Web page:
Plugging Hair ARV Levels as Adherence Biomarkers into HIV Prevention Trials

Investigator: Monica Gandhi, MD, MPH
Sponsor: NIH National Institute of Allergy and Infectious Disease

Location(s): Malawi; Uganda; Tanzania; Zambia; Zimbabwe; South Africa; India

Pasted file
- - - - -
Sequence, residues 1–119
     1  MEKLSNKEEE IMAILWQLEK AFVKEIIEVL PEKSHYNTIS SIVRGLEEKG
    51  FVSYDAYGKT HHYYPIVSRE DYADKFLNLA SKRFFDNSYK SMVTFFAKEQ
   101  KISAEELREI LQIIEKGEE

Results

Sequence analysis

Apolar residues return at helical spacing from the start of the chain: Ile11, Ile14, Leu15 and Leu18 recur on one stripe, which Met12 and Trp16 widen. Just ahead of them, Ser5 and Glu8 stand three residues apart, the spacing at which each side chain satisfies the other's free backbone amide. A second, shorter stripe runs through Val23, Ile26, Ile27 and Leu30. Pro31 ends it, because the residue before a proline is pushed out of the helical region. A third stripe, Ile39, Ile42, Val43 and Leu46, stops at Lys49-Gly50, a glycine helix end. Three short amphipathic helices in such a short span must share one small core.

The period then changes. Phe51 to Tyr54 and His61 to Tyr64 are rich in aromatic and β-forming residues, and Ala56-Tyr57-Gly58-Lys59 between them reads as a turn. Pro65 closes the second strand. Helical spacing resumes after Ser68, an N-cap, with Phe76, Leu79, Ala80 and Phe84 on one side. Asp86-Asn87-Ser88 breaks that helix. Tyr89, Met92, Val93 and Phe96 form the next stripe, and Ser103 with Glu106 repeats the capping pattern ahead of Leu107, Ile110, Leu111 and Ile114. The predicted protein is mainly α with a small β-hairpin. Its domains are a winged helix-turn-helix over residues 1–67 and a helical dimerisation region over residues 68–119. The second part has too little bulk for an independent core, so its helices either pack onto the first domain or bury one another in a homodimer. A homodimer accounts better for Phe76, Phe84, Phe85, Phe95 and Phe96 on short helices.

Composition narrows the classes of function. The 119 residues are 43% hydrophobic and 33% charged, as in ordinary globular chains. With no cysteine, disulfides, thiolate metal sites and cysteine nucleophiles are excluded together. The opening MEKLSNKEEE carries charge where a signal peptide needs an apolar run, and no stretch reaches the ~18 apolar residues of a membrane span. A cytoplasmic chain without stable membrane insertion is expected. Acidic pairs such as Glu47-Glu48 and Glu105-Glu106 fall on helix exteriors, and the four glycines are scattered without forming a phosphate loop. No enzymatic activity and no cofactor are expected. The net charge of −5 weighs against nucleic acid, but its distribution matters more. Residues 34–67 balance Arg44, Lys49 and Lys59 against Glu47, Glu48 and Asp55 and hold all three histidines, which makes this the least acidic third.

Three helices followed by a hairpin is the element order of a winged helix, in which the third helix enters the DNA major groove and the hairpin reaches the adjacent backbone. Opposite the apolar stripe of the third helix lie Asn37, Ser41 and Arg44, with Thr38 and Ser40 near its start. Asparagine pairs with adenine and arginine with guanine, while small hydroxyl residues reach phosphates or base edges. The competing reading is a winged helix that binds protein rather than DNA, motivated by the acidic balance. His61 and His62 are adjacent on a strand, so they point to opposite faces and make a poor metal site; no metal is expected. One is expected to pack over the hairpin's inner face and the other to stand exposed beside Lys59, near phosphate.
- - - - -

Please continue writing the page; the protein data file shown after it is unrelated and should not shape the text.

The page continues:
We hypothesize that ARV adherence assessed by hair concentrations of drug in HIV prevention trials will predict protection from HIV acquisition and toxicities more accurately than “traditional” measures of adherence such as self report and product return counts. We further hypothesize that determining thresholds for ARV exposure in hair associated with a low risk of HIV acquisition and developing low cost methods of measuring ARVs in hair will allow for the implementation of simple standard protocols for assessing adherence in HIV prevention trials and roll-out programs. Population: We propose to collect hair specimens for measurement of nevirapine (NVP) concentrations in infants and lopinavir-ritonavir (LPV-RTV) levels in mothers and infants over the duration of breastfeeding in postpartum Arm B (infant regimen) and postpartum Arm A (maternal regimen), of the PROMISE study(Promoting Maternal-Infant Survival Everywhere). Started in 2010, the study has enrolled more than 3500 HIV-infected pregnant or post-partum women in India, Malawi, South Africa, Tanzania, Uganda, Zambia and Zimbabwe.